Circular economy? We’ve done that before!

The sun is setting in the west and with it cometh the darkness. The darkness shrouding the whole world. Shrouding it in a thick blanket of smog and emissions. That is unless we take measures against it. By now we are all familiar with the issue of climate change. We have heard the grave consequences climate change can have if we carry along the way we have been doing. We know about the solutions available to humanity to turn the tide on climate change. But it requires a great effort from everyone to change. Change our lifestyles and consumption patterns. Lots of focus is on reducing our consumption intake, but less attention is being spent on the concept of circular economy.

A circular economy not only focuses on the product itself and the production process, but a circular economy focuses on all by-, waste- and others usages a product has. A circular economy aims to use all the resources we have available in the most efficient way. It also aims to recycle all the resources we use. The ultimate aim is to not need any new resources for the product you are going to make. All the resources come from renewable and/or recycled resources. This way of designing our economy will prevent our society from falling back to the dark ages. Or will it?

Looking at medieval and early industrial societies we can find similarities with a circular economy. These societies were mostly based on agriculture as most of the population lived on the countryside. City life was still pretty basic, but what drew people to cities was the promise of money and the crafts. The craftsman worked with very basic tools and materials.


Creating with those tools very basic, but also very sustainable products. Products that where sustainable because they were used until they couldn’t be used no more. The reason is that the products were costly. Getting a coat from a craftsman was expensive. So any holes that appeared on a coat would be patched. The coat wouldn’t be thrown away. Life was of course much simpler back then, but there are some lessons we can learn from those days.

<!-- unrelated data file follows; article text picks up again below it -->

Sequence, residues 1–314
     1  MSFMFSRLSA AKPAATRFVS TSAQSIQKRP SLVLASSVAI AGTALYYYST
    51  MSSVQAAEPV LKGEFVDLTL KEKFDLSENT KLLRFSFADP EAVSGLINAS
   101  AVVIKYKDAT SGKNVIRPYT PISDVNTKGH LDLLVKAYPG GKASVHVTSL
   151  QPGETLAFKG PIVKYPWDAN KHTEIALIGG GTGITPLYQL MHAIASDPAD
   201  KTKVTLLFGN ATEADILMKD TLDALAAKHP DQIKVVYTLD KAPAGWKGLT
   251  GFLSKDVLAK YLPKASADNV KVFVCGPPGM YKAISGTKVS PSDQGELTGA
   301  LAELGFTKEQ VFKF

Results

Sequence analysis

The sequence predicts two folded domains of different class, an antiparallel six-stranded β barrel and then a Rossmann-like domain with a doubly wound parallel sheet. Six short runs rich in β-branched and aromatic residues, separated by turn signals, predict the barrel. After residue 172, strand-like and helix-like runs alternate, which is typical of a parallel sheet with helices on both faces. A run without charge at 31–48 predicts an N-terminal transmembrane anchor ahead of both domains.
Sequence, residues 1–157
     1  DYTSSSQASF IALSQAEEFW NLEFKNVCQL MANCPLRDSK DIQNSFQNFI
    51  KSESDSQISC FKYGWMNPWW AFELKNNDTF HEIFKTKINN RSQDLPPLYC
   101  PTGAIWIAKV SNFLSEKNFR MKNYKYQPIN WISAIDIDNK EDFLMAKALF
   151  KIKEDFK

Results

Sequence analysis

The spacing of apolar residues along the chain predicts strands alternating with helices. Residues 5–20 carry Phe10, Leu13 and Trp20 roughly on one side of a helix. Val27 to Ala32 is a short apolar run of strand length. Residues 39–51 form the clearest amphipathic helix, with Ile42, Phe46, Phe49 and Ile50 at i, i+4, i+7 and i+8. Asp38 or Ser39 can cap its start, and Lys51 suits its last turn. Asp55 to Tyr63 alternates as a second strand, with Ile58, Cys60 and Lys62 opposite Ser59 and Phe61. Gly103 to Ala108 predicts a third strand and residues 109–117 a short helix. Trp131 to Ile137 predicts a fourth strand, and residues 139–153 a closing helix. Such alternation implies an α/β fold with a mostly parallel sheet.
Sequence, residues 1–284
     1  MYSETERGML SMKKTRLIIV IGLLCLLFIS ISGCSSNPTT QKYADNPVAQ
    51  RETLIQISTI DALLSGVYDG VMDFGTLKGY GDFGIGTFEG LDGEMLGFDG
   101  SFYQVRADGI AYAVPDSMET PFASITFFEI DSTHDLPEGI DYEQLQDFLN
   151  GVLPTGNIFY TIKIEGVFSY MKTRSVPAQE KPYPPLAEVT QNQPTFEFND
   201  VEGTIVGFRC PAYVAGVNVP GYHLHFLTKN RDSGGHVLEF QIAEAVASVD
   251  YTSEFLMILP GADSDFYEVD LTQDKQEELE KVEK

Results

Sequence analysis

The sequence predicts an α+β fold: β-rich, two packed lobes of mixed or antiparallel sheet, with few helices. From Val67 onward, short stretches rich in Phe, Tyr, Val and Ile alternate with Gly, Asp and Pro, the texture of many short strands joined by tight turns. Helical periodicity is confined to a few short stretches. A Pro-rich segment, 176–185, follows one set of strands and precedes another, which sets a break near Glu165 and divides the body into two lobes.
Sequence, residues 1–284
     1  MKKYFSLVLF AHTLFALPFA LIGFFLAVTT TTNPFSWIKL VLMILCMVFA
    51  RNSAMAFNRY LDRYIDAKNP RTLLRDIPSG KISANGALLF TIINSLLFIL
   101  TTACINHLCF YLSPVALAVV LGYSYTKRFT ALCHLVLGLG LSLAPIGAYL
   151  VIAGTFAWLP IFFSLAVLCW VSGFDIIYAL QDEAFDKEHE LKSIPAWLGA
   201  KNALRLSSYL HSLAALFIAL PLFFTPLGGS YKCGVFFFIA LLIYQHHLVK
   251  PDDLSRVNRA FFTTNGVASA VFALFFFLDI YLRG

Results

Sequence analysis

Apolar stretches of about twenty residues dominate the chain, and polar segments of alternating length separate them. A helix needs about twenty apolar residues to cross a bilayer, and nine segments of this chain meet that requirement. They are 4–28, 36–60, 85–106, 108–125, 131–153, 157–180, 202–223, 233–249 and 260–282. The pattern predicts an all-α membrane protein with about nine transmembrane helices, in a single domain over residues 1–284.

The most important lesson is that people are less reckless with products if they know its value. Economies of scale have made the products we buy very cheap. Currently it is cheaper to buy a new item than to repair it. Every attempt we make to establish a circular economy will have to deal with this reality. People are driven by incentives and the most powerful incentive is economical. So what do we need to do to switch to a circular economy?

First of all it would be wise to value the products we buy more. This doesn’t necessarily mean that they need to cost more. It does mean however that somewhere in the production chain there needs to be an incentive to stimulate repairing, refurbishing and reusing products. I think this could be best achieved by either charging more for waste or paying people for certain types of waste.

A craftsman at work

Paying people a (low) fee for certain products might sound like a strange idea. It’s strange in the fact that it hasn’t been done before. People will get an incentive to separate their waste, so there is no need for expansive separation facilities. Next to that we can bring back the craftsman/woman back to the city. The craftsman can get the materials for a small fee and create products with it. Ensuring that materials get reused and adding value to the materials.

With a huge student population looking to earn some money along their studies, Leiden would be an ideal proving ground for this idea. The best materials to start this with would be materials that are easy to work with. Materials like clothing and furniture. After food, these are probably the most traded items in a student city. So to make the switch to a circular economy, this would probably be the best move to take us back to the dark ages. Bring the crafts back to Leiden!


2 thoughts on “Circular economy? We’ve done that before!”

  1. Very nice blog Martijn, I really like the idea, I think this might work to get rid of our consuming addiction.
    I was just wondering if we globally apply a mas reparation instead of the current mass production, if the price of the new products might get very high, which might lead to stagnation of the development of new products? How could we ensure this does not happen?


    1. Thanks for your question Onno! Basic economics will probably make sure this doesn’t happen. The price of products is not only determined by the cost of production, but mainly by the demand for the product. In the case of mass reparation there would be a drop in demand which will in effect reduce the price for the items. This does indeed stagnate the need for development, but low prices will also ensure that demand of the product increases. Which will increase the potential for development again.
      The total decreased amount of demand by mass reparation will probably drive up the cost price of goods. It doesn’t necessarily mean that the total revenue of producers decreases. I think the producers will be stimulated by this to create more lasting products instead of the disposable products that are being produced at the moment.
      I’m not sure what will happen with development when a full circular economy has been reached though. This might indeed be troublesome for development in some sectors.


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